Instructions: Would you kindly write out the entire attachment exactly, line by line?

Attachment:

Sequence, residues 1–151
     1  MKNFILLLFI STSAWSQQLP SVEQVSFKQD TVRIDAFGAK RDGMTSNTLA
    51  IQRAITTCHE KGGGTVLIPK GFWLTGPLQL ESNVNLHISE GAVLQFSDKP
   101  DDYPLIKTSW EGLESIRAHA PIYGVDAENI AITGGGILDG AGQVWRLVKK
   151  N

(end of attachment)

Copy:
Sequence, residues 1–151
     1  MKNFILLLFI STSAWSQQLP SVEQVSFKQD TVRIDAFGAK RDGMTSNTLA
    51  IQRAITTCHE KGGGTVLIPK GFWLTGPLQL ESNVNLHISE GAVLQFSDKP
   101  DDYPLIKTSW EGLESIRAHA PIYGVDAENI AITGGGILDG AGQVWRLVKK
   151  N